Origins of Mothers’ and Fathers’ Beliefs about Infant Crying

UNCG Author/Contributor (non-UNCG co-authors, if there are any, appear on document)
Regan V. Burney (Creator)
Esther M. Leerkes, Professor (Creator)
The University of North Carolina at Greensboro (UNCG )
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Abstract: Origins of mothers’ and fathers’ beliefs about infant crying were examined in 87 couples. Parents completed measures of emotion minimization in the family of origin, depressive symptoms, empathy, trait anger, and coping styles prenatally. At 6 months postpartum, parents completed a self-report measure of their beliefs about infant crying. Mothers endorsed more infant-oriented and less parent-oriented beliefs about crying than did fathers. Consistent with prediction, a history of emotion minimization was linked with more parent-oriented and fewer infant-oriented beliefs about infant crying for both mothers and fathers either as a main effect or in conjunction with the partners’ infant-oriented beliefs. Contrary to expectation, parents’ own emotional dispositions had little effect on parents’ beliefs about crying. The pattern of associations varied for mothers and fathers in a number of ways. Implications for future research and programs promoting sensitive parenting are discussed.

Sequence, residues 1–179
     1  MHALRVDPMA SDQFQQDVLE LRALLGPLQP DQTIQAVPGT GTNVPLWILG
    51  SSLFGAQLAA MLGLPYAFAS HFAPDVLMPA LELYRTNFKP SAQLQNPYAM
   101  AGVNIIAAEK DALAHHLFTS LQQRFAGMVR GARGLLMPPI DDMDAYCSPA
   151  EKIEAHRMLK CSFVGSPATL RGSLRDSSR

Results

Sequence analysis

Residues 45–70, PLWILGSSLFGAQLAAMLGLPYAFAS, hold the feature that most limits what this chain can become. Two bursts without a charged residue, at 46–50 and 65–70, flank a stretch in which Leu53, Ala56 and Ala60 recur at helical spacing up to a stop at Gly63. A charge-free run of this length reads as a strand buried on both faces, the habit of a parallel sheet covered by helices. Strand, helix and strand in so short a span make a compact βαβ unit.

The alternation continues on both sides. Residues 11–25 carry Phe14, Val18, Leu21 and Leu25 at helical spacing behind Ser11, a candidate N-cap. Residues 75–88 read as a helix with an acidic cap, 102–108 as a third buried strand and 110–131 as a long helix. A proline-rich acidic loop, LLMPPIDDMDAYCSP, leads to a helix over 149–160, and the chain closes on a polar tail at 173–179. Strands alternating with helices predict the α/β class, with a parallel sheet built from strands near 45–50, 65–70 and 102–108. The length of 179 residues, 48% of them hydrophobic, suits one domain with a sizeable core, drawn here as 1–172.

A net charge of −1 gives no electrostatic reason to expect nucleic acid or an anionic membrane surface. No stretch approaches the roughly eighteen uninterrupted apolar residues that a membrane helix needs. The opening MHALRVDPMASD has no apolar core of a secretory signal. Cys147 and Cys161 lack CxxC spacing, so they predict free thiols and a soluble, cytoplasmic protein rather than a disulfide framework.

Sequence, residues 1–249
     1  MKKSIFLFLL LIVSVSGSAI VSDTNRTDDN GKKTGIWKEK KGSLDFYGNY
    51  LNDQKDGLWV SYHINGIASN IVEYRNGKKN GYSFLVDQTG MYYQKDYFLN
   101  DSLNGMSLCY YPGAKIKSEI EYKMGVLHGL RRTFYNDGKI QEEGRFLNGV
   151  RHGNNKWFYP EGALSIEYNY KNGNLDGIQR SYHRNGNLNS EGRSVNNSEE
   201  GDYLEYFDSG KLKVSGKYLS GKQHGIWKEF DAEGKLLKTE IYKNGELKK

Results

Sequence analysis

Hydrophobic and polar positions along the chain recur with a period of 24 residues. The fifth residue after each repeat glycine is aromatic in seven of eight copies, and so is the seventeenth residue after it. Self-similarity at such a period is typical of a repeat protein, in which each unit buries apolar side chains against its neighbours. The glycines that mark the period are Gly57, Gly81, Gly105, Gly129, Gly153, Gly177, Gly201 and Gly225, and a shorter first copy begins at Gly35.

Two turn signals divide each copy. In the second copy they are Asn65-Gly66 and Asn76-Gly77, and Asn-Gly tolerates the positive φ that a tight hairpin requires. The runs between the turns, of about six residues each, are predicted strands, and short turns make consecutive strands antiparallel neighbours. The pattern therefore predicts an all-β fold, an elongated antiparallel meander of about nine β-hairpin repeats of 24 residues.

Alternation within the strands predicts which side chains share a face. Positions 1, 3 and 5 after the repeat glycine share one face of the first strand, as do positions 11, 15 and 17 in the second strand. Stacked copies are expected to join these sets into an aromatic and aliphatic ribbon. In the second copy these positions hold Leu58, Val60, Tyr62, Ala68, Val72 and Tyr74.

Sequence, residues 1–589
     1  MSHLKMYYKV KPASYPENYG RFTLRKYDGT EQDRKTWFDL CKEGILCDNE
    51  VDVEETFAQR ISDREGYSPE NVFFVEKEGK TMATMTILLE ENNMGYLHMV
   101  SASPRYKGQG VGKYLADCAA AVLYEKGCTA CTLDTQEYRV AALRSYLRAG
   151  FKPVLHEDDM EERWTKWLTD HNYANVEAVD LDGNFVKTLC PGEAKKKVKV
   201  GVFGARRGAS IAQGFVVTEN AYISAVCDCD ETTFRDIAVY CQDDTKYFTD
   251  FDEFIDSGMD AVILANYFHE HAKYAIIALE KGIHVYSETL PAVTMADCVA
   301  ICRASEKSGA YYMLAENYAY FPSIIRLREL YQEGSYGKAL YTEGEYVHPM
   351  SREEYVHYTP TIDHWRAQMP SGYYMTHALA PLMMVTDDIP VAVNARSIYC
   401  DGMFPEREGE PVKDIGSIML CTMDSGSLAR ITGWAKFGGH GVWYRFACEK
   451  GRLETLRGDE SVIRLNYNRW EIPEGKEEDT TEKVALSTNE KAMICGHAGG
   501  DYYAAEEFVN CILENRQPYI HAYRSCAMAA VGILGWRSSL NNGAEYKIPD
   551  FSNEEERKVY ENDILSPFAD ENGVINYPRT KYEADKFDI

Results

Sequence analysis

Additional Information

Journal of Applied Developmental Psychology, 31(6), 467-474
Language: English
Date: 2010
parental belief, infants, crying, family of origin, parental sensitivity

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